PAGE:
Villordsutch reviews Mentats of Dune by Brian Herbert & Kevin J. Anderson…
Mentats of Dune is the second book in the Schools of Dune Trilogy following on from the events of Sisterhood of Dune (Book 1). For those versed in both Frank Herbert’s Duniverse you will be more than aware of the Bene Gesserit, Mentats, Suk Doctors & Navigators; those not versed in the aforementioned – you’re missing so, so much.
I’ve read a number of Brian & Kevin’s Dune books and in the past I haven’t been overly impressed. I’ve found a number of their books suffer with parts of stories being dragged out and clunky writing that’s not enjoyable to read. However I was very surprised with Mentats of Dune as this was a very accessible and enjoyable book. Brian and Kevin have placed just the right amount of pieces on the board for you and you’re able to keep track of these, as the various threads weave throughout the story.
It’s fantastic to see the genesis of such powerful movements flail around in the wind as they struggle to actually gain any power or motion. Take the Bene Gesserit (yet to receive this name) who are already split into two opposing factions since the last book; or the VenHold (Soon to be Spacing Guild) who are constantly being belittled and disrupted by the violent movement of the galaxy spanning Antitechnolgists (The Butlerian Jihadists). Whilst the big players move at the same time the little pieces in the form Vor Atreides seeks to repair the past by surreptitiously helping the Harkonnens, who are days away from being reduced to nothing; at the same time Vor is unaware the Harkonnen sisters are planning to destroy the Atreides bloodline from the Galaxy.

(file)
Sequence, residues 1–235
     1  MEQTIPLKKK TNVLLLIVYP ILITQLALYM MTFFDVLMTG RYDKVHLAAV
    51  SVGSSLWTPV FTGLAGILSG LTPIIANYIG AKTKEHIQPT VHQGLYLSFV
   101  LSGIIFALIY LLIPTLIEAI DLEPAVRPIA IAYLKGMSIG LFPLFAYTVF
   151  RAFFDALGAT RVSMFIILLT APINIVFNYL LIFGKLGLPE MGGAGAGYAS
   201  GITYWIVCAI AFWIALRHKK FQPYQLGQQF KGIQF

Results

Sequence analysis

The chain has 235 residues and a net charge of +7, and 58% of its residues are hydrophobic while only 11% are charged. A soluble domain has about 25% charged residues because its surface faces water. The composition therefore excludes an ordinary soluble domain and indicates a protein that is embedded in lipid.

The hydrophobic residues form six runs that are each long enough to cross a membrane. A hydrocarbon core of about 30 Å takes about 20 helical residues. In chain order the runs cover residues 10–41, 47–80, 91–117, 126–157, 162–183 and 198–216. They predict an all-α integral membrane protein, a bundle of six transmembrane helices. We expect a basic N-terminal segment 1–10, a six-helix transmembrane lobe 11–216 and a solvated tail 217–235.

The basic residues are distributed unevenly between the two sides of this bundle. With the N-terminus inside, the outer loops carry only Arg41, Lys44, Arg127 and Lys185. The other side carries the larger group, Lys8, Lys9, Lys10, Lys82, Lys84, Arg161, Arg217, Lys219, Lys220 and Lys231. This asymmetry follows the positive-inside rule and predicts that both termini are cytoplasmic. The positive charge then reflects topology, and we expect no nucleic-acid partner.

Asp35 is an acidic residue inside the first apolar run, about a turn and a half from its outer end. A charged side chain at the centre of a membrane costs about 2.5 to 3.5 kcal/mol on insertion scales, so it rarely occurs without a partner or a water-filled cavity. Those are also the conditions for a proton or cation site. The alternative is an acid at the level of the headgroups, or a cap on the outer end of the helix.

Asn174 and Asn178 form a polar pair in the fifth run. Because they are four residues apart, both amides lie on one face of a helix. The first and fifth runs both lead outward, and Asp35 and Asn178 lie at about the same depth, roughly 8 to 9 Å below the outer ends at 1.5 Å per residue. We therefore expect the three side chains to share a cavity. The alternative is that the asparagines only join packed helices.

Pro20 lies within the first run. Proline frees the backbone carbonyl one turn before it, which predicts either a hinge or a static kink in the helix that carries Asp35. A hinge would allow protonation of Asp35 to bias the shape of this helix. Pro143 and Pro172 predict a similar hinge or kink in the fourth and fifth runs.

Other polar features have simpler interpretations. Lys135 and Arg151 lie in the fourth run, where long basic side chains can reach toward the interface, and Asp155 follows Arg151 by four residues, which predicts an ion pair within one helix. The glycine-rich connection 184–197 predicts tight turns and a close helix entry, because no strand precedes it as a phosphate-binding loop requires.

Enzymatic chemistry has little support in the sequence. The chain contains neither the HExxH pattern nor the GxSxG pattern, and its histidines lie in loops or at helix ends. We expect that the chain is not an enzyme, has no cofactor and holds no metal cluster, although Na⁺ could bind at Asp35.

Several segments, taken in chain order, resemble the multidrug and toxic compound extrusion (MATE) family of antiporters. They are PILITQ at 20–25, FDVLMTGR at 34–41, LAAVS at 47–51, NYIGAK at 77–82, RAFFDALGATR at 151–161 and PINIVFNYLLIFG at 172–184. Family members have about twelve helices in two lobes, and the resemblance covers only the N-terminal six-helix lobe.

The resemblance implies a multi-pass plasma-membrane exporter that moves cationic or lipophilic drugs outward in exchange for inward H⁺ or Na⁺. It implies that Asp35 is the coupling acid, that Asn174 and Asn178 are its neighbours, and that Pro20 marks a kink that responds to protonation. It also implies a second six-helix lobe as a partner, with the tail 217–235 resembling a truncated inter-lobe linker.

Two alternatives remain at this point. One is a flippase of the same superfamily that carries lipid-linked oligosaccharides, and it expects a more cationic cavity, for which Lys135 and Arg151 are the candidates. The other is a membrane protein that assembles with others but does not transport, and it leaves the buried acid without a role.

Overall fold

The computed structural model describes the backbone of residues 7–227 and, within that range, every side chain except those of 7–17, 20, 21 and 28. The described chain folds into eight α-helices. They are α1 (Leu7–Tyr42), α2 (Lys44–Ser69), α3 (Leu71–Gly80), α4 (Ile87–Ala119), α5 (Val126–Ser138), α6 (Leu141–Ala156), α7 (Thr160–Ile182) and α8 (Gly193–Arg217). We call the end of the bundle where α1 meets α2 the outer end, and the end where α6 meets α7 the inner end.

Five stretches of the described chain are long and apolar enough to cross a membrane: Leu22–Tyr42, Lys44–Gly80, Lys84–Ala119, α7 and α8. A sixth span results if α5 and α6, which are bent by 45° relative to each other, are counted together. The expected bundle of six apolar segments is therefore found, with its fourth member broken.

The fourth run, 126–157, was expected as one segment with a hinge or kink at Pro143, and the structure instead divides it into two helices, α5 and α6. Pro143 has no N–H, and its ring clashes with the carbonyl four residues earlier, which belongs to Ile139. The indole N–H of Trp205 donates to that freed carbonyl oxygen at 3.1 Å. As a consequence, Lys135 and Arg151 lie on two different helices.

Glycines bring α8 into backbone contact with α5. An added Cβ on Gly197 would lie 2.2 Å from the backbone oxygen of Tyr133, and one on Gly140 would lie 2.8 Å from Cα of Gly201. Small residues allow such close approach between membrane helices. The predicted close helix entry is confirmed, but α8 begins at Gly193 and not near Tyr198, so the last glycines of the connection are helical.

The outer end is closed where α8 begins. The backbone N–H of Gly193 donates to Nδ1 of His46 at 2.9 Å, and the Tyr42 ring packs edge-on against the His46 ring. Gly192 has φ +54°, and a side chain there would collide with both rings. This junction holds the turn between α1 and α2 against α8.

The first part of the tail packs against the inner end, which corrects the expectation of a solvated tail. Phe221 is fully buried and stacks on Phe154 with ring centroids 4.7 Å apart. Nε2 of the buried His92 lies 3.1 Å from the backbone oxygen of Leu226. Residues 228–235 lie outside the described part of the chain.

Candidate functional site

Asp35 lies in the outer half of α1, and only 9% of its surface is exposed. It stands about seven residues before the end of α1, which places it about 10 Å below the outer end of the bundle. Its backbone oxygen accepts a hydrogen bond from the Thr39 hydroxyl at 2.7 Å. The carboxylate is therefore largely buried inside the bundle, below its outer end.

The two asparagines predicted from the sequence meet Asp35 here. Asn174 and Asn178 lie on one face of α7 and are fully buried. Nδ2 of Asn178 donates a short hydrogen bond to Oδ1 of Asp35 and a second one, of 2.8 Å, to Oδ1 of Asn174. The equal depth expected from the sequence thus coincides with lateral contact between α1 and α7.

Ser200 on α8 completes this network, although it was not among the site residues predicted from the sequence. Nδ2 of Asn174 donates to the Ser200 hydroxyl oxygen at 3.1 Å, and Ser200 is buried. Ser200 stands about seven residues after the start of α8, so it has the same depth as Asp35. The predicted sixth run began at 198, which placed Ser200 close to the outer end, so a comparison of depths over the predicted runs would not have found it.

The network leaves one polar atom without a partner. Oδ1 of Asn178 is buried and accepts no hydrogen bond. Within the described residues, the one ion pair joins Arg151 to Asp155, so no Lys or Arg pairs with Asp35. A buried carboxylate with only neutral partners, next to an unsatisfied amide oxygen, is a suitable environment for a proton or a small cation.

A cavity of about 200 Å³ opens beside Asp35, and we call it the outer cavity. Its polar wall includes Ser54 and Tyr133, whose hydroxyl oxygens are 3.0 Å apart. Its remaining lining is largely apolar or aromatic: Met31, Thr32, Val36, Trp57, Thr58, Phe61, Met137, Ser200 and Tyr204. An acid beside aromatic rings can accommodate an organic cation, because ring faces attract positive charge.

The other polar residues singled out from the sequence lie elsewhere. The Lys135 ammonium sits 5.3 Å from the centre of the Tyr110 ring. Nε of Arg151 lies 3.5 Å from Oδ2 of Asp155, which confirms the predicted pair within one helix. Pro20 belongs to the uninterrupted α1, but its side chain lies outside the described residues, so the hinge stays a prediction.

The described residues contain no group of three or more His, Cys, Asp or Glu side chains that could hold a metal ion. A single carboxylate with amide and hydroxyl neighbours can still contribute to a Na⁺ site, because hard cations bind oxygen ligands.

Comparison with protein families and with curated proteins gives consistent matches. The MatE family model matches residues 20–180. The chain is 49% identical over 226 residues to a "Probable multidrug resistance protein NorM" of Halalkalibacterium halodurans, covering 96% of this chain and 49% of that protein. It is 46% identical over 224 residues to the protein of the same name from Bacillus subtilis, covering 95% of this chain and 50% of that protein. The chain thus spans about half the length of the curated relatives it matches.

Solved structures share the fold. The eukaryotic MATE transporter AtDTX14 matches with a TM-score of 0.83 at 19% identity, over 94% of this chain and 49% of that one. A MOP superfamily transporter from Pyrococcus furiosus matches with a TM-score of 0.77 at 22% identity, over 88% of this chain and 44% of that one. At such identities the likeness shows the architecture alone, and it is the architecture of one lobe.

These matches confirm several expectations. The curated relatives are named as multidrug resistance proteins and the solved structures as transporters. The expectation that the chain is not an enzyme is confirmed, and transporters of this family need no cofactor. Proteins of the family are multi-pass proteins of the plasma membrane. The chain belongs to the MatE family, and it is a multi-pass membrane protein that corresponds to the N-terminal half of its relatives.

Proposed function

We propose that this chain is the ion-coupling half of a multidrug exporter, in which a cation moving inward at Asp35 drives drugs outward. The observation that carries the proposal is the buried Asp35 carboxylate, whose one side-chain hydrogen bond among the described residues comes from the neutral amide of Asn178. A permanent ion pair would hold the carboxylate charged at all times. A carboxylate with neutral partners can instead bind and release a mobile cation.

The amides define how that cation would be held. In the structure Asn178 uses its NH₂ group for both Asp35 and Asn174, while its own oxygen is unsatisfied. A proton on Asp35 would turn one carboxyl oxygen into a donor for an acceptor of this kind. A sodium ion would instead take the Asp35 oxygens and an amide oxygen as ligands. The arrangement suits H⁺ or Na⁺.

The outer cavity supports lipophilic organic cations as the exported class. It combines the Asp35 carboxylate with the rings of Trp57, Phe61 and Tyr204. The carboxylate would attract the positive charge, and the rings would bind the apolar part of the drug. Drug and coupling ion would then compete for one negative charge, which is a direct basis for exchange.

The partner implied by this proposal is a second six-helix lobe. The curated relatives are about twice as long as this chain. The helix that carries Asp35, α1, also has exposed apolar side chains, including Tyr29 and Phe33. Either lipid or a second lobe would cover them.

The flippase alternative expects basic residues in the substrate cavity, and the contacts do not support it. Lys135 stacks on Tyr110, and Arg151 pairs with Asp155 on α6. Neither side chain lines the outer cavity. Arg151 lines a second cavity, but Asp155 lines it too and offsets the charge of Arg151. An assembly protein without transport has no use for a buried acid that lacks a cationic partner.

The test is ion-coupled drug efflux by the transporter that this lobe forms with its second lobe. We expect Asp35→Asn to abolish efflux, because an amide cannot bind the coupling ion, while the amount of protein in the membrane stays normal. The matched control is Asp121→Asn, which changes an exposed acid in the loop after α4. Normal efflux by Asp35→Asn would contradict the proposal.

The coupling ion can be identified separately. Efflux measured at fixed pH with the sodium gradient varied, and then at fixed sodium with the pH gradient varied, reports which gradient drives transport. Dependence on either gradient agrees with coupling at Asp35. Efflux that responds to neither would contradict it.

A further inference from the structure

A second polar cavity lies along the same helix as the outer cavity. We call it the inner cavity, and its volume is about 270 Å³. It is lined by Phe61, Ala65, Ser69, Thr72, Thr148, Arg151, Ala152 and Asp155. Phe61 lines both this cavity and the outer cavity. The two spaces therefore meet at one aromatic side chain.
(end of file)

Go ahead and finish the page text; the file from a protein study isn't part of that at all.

At the centre of this book however we revolve around the Mentat School and it’s Headmaster Gilbertus Albans, who is the adopted son of the sadistic robot Erasmus. Gilbertus adores his school and his pupils so much so he is willing to allow his principles to be bent for the use and pleasure of the leader of the Butlerian Jihad, Manford Torondo, who is unaware of Gilbertus’ past. To make matters worse in the school, Gilbertus rather dangerously hides and communicates with the core of his robot father Erasmus; the Mentat School is also built on the Planet Lampadas, the home of Manford Torondo and millions of Butlerian Fanatics. We see even in moments where his life is placed upon the line, he (Gilbertus) defends his students and school against thousands of zealots.
As a Dune fan I very much enjoyed this book. Yes some moments were wrapped up rather quickly and chapters come thick and fast but this is an excellent addition to build upon the foundations of Dune. As well as that, it’s an enjoyable piece of science fiction and I cannot wait to read book three in the Schools of Dune Trilogy.
Here’s an except from the Mentats of Dune audiobook…
Villordsutch likes his sci-fi and looks like a tubby Viking according to his children. Visit his website and follow him on Twitter.